While organisations know they need to reduce their overall energy usage, for some, the problem is simply in knowing what’s consuming the power in the first place. That’s true for all sorts of organisations, from SMEs through to some of the largest users imaginable.
One of these is the State of California, which has an Executive Order, S-20-04, signed by Governor Arnold Schwarzenegger enshrining the state’s priority for energy and resource-efficient, high-performance buildings.
If it was to meet the order’s requirements, the state had to have a clearer picture of what was consuming energy within its IT infrastructure, which stretched to the small matter of around 225,000 PCs, 9500 servers and more than 100 email systems. There was no repository of asset information and what asset information was available was based on unreliable and incomplete surveys and manual inventories.
To help it gain a clearer picture, California used two tools,Technopedia and Discover, from an asset discovery and management specialist, BDNA, to map a complete picture of California’s usage of hardware and software across a string of agencies supporting more than 180,000 state employees. BDNA’s approach, called the IT Genome Strategy, builds on the idea of the Human Genome Project except that instead of mapping human genes, it is tracking use of IT to enable organisations ‘to know what they are made of.’ The company has just launched its IT Genome Strategy in the UK.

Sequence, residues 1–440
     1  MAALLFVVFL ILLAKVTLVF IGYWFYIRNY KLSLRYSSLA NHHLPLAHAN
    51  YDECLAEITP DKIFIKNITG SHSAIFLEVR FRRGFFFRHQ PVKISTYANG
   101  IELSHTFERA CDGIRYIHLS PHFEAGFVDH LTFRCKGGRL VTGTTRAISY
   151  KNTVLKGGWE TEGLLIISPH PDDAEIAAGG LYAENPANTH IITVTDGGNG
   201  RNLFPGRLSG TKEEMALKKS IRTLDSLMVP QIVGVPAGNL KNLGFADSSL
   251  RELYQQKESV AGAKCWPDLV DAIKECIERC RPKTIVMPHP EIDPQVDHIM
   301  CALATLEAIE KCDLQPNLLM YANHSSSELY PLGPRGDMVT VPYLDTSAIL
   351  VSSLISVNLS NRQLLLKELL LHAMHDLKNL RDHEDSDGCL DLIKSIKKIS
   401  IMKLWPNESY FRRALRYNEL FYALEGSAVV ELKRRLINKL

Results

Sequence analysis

By analysing the data provided by BDNA, California expects to save over $40m and reduce carbon emissions by 200,000 tonnes a year.
At the same time, California believes it will be able to save costs in other ways, notably through:
* standardisation of hardware, software and operating systems
* centralisation of inventory control and asset management policies and procedures
* a greater understanding of current software licensing compliance
* enhanced security by identifying non-compliant systems and associated risks
You can read more about the California story here